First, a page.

John Brebbia, who started yesterday’s bullpen game, came in to pitch the 10th inning in tonight’s extra inning thriller. Austin Barnes sacrificed zombie runner Bellinger to third, and Betts drove him in by lacing in a double to left.

Trea Turner smacked deep right, on which Ramos made a beautiful catch and a strong throw, but Betts reached third safely. Brebbia granted an intentional walk to Freeman, stole second, and an unintentional. one to Justin Turner to clog the basepaths.

Thomas Szapucki to the rescue! Vain hope! Szapucki walked Muncy, with his BA of .201, to force in the second Dodger tally of the frame and reload the bases. Szkapucki whiffed Thompson to allow San Francisco a reasonable chance of turning things around against Andre Jackson, who had pitched two big league innings so far this season.

Ramos was, of course, the placed baserunner. Jackson walked Estrada. Pederson almost gave the Giants the win with a drive to the portals in right that moved Ramos to third. Flores dropped a single to right that brought in Ramos.

Estrada stopped at second, in scoring position with one down. After an eight pitch at bat, Davis went down swinging for the second out. It now was a battle between Jackson and Longoria. The count went to 3-2 before the Giants’ third baseman walked to load the bases.

Now it was Justin Bruihl the lefty who got the final out in last night’s Dodger win, pitching for them against LaWade, Jr. He drove a 2-2 pitch into McCovey Cove … just a few feet to the right of the foul pole. Then, on a full count, Wade grounded out, first Freeman to Bruihl, who gained his first major league save.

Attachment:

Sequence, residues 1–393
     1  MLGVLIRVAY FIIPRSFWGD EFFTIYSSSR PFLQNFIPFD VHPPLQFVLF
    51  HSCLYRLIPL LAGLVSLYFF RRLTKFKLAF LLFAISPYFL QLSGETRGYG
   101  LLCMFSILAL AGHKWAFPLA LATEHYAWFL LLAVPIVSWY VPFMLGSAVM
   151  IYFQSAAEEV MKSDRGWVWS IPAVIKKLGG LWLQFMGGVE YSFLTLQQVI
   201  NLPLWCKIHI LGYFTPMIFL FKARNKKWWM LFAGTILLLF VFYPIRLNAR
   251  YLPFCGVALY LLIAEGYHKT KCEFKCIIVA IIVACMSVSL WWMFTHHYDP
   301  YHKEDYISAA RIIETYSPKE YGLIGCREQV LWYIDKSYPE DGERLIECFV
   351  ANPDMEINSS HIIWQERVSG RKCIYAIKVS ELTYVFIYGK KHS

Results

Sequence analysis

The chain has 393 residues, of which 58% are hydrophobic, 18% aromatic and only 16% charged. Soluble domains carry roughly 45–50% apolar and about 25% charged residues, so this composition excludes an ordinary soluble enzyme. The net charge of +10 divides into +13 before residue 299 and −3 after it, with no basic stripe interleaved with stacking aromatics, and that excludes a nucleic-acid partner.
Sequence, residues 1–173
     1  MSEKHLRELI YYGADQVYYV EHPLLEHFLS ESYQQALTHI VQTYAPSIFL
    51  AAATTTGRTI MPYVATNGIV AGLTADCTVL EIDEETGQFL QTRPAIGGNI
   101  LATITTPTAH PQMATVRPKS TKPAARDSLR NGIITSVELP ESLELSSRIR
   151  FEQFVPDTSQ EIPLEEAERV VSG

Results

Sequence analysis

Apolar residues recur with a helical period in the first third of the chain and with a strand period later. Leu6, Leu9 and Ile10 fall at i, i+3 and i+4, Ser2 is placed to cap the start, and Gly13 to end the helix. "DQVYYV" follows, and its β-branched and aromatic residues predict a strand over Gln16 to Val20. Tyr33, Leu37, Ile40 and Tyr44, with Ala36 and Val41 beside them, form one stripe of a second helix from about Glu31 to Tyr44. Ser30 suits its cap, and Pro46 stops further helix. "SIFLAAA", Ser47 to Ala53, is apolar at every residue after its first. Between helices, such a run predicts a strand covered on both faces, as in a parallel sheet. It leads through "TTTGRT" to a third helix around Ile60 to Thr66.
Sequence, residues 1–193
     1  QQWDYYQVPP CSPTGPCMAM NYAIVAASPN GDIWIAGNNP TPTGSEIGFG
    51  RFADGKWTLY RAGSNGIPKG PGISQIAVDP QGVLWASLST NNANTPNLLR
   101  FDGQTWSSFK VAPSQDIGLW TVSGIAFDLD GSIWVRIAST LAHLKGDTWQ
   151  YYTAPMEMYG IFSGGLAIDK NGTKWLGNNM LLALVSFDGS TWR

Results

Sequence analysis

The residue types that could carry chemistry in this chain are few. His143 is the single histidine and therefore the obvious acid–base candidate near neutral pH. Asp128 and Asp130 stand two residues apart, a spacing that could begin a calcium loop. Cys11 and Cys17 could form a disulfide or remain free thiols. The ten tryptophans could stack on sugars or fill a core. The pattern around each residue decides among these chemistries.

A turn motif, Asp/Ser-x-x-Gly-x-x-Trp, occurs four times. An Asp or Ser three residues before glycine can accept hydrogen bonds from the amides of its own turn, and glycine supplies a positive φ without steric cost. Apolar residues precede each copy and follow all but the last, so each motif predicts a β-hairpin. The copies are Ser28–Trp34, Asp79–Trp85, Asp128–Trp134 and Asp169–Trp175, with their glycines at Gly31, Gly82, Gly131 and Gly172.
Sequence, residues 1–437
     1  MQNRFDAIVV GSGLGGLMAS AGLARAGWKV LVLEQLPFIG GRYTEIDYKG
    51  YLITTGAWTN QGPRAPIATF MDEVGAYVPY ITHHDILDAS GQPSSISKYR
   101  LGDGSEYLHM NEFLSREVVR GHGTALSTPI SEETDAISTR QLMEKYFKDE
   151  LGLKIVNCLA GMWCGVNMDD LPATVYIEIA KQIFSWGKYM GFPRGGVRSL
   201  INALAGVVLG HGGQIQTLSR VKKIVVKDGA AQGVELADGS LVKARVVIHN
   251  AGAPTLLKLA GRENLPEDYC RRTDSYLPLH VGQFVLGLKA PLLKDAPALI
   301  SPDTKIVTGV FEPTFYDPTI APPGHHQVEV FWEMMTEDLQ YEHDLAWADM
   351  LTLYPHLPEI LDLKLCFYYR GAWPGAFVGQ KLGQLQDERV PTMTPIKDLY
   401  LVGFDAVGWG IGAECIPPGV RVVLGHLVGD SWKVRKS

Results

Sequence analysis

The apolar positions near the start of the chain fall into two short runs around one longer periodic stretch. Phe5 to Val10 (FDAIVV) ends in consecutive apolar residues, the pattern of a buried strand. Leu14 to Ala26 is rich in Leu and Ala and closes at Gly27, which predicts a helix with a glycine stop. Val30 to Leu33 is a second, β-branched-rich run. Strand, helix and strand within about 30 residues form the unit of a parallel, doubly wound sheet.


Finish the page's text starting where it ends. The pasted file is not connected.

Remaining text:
The players of the game today were the grounds crew, who kept the field in playing condition in spite of the repeated soakings it endured.

The Giants move on to Denver tomorrow, where Jakob Junis (4-6, 4.15) will face the Blake Street Bombers, who will counter with Chad Kuhl (6-9, 5.33). Game time is 5:40 pm, Pacific time.

Dodgers open flood gates score four in third for whopping 7-2 win over Giants at Oracle Park

San Francisco Giants pitcher Sean Hjelle (64) is relieved by San Francisco Giants manager Gabe Kapler (19) in the third inning at Oracle Park in San Francisco, on Sunday, Sept. 17, 2022. (photo by Bay Area News Group)

Los Angeles (100-44). 7. 13 . 1

San Francisco (69-76). 2. 5. 1

Saturday, September 17, 2022

By Lewis Rubman

SAN FRANCISCO–The Los Angeles Dodgers came to work this evening looking for their 100th victory of the season. They got it.

The San Francisco Giants came to pay tribute to Hunter Pence, remember the glory days of the 2010s, and just maybe take a small step towards a .500 season. The Dodgers sent left hander Julio Urías (16-7, 2.30) to the mound.

The Giants played a bullpen game, starting with John Brebbia (6-1, 2.83), followed by Sean Hjelle, Alex Young, Jarlín García, Yunior Marte, and Cole Waite. The result was a dismal 7-2 loss for the Giants in a contest that was decided by the end of the third frame.